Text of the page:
About Kenya

This beautiful country has a stunning landscape, from the open plains of the Masai Mara to the hectic city of Nairobi, from majestic snow‑capped mountains to lush green forests. There are more than 40 indigenous tribes and many other ethnic communities living in this country, many speaking different traditional languages and holding their own unique sub‑cultures. The five largest tribal groups are Kikuyu, Luo, Luhya, Kamba and Kelnjin, and these groups account for about 70% of the population.


The state of health in Kenya requires significant improvement. The healthcare system struggles to provide crucial services, particularly for communities living outside of major cities. 

Many illnesses in Kenya are transmitted by insects, animals and from the use of contaminated water. Infectious respiratory diseases and malaria account for the majority of illnesses and deaths in the country, while tuberculosis, dysentry, and parasitic and venereal diseases are common occurrences. HIV/AIDs continues to devastate families and communities across the country, with 3 in 5 people living with the virus in some locations. Maternal and infant health are also a concern with many women still giving birth at home in unsafe conditions.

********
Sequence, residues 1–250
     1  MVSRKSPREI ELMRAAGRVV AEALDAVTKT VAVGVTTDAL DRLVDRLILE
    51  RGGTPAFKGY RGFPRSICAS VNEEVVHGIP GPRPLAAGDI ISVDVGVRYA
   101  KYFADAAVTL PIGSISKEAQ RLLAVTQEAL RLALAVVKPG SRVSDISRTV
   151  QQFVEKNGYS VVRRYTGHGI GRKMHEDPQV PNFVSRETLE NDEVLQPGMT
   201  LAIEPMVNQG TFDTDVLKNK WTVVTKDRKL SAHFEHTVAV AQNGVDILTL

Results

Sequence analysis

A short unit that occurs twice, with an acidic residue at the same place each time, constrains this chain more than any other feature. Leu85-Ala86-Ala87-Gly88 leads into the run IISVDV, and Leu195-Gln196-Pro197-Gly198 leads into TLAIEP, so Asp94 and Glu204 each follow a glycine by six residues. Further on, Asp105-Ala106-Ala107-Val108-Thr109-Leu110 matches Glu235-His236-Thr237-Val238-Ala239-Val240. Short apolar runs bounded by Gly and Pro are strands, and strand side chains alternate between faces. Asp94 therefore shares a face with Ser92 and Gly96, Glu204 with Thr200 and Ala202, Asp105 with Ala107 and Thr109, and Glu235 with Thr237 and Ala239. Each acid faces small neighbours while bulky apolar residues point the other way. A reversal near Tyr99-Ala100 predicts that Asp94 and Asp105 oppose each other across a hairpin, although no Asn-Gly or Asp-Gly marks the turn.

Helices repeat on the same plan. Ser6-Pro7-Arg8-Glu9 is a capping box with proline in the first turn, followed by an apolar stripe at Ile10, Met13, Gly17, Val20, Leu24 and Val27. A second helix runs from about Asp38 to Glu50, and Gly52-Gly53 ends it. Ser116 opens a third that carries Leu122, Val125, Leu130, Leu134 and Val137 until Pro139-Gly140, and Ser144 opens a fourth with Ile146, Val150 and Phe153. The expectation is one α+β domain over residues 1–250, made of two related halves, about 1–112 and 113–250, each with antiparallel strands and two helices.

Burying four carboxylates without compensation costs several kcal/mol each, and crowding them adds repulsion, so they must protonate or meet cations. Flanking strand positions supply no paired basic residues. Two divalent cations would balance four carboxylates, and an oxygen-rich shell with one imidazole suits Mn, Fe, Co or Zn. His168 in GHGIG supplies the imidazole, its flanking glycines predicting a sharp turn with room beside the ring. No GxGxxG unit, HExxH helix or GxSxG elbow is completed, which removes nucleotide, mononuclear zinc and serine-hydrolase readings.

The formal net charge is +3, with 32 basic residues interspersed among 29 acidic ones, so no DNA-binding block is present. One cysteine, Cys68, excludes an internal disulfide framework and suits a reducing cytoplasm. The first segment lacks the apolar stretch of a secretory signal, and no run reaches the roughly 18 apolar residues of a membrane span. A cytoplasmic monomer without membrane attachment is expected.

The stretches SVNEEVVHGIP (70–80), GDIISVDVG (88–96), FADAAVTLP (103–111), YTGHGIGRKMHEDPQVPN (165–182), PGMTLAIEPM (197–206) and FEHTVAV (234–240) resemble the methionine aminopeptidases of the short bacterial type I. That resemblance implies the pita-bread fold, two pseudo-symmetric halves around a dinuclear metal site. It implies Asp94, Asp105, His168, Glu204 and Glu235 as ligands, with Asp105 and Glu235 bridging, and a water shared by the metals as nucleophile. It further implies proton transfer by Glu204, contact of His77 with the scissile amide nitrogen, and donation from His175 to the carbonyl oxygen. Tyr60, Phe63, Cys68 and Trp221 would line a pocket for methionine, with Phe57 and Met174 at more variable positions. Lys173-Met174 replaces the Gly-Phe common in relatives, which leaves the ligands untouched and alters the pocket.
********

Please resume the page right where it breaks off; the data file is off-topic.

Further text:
Religion and Culture

Kenya is a conservative country with regards to socially acceptable behaviours, dress and presentation. The majority of Kenyans identify as Christian, though there is also a strong Islamic following, particularly in coastal regions. Many different denominations of Christianity exist in Kenya, and some groups still hold traditional tribal beliefs and practices.

Politics and Government

Kenya gained political independence from British rule in 1963, and became a Republic within the Commonwealth of Nations in 1964. Although the government is elected through Democracy, Kenya has experienced several instances of internal political conflict and continues to struggle with government corruption.

Development Challenges

Kenya faces many development challenges, particularly in rural areas.

Gender inequality is a major issue for Kenya, with women and girls often being considered second‑class citizens and experiencing discrimination in access to education and employment, and high rates of domestic and gender‑based violence.